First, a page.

Mosquitoes don't sting you for their own entertainment, nor are they doing it in self-defence (as is usually the case when bees sting). Both male and female mosquitoes get nourishment from nectar, not from blood.
Mosquitoes require protein and iron to develop their eggs, two substances they can get both from blood. Only the female mosquito feeds on blood, and she only does so when she's developing eggs.
Though we commonly call them mosquito bites, she's not really biting you at all. The mosquito pierces the upper layer of your skin with her proboscis, a straw-like mouthpart that allows her to drink fluids.
Once she breaks through your epidermis, the mosquito uses her proboscis to search for a pumping blood vessel in the dermal layer underneath.
When the mosquito locates a good vessel, she releases some of her saliva into the wound. Mosquito saliva contains anti-coagulants that keeps your blood flowing until she has finished her meal.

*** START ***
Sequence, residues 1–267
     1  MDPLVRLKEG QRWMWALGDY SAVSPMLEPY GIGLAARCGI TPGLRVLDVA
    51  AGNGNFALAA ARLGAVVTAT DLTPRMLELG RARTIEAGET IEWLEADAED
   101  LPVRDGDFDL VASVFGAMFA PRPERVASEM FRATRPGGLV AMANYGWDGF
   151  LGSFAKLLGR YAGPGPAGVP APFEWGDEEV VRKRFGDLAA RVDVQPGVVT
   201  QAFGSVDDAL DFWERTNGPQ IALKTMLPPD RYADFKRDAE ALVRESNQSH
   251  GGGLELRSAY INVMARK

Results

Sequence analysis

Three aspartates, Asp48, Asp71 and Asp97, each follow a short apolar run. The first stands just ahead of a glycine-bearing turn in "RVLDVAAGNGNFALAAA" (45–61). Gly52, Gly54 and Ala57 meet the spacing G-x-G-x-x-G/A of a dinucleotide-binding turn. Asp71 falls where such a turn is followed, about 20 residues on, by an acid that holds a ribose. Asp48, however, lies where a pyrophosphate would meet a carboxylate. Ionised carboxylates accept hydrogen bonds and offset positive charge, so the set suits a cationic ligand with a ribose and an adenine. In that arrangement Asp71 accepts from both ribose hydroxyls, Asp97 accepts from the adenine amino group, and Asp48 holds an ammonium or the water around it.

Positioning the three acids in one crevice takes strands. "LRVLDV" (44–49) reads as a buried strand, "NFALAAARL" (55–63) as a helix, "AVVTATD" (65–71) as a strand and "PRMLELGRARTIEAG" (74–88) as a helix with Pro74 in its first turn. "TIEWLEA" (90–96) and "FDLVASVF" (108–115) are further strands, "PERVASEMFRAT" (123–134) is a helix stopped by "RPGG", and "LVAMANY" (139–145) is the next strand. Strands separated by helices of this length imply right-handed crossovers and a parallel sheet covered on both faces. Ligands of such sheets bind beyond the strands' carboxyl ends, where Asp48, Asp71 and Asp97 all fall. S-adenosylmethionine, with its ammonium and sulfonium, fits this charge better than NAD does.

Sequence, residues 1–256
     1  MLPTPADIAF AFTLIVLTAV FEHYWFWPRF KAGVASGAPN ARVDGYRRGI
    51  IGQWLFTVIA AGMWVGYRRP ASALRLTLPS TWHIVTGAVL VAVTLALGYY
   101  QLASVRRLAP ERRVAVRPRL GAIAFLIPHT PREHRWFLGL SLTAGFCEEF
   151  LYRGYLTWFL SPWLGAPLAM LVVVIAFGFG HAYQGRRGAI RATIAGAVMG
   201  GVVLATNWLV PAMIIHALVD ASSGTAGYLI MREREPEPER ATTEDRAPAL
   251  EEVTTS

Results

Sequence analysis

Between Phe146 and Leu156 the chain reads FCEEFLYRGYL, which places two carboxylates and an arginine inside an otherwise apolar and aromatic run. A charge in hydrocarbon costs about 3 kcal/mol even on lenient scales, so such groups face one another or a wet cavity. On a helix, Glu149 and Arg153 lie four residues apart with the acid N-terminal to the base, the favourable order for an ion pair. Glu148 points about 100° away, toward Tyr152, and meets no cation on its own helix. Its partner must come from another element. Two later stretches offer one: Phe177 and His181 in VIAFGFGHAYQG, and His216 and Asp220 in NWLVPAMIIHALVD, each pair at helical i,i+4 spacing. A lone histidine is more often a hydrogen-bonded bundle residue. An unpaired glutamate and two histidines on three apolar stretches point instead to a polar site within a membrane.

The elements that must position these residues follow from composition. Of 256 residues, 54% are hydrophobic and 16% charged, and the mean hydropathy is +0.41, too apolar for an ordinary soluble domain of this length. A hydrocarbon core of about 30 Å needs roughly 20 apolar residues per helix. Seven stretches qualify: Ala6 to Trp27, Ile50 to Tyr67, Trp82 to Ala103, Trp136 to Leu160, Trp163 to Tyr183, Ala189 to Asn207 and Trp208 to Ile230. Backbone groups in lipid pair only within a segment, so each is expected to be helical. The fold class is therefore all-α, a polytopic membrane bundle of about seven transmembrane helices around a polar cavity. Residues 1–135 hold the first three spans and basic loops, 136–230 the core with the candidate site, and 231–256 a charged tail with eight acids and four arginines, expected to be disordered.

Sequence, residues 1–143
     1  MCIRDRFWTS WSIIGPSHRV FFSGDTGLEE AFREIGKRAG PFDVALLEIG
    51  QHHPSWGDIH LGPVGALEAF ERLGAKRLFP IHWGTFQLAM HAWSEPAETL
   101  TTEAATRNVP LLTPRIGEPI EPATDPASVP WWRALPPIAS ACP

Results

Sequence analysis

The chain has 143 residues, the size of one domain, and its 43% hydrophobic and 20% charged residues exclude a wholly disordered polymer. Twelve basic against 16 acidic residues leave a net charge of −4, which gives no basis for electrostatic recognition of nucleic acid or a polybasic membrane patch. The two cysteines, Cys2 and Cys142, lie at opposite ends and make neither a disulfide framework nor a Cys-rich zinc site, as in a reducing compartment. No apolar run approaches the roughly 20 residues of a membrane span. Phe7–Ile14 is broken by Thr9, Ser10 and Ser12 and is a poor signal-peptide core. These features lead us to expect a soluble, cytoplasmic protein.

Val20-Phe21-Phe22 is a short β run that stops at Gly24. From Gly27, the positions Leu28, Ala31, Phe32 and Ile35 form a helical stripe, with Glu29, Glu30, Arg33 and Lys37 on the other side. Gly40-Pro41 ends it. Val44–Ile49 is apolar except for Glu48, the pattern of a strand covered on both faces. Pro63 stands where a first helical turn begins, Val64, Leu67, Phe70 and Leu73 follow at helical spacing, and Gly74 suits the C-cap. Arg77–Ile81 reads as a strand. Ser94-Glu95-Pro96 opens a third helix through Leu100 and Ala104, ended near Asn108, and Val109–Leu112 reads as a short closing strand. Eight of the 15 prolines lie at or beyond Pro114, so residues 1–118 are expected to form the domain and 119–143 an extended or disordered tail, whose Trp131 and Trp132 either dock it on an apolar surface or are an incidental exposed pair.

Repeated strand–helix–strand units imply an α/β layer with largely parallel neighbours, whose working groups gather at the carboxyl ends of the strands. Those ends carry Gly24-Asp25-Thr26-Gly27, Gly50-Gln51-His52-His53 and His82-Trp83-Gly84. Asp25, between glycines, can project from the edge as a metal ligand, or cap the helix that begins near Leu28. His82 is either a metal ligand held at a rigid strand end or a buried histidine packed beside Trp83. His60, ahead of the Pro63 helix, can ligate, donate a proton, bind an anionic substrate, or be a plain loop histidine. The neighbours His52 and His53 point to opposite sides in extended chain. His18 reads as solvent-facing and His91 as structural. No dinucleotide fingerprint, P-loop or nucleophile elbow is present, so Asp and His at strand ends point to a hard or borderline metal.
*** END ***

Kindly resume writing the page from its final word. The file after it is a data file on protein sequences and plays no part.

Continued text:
But what about the itching? When the blood vessels expand, the swelling irritates nerves in the area. You feel this nerve irritation as an itchy sensation.
What are the symptoms of an allergic mosquito bite?
Nearly everyone is sensitive to mosquito bites. But for those with severe allergies, symptoms can be more than just annoying: they can be downright serious. Most bites occur at either dusk or dawn, when mosquitoes are most active. While male mosquitoes are harmless, feeding only on nectar and water. The females of the species are out for blood.
The common symptoms of an allergic mosquito bite - a tell-tale red bump and itching - aren’t caused by the bite itself, but by a reaction of the body's immune system to proteins in the mosquito's saliva. In case of doubt always consult a doctor.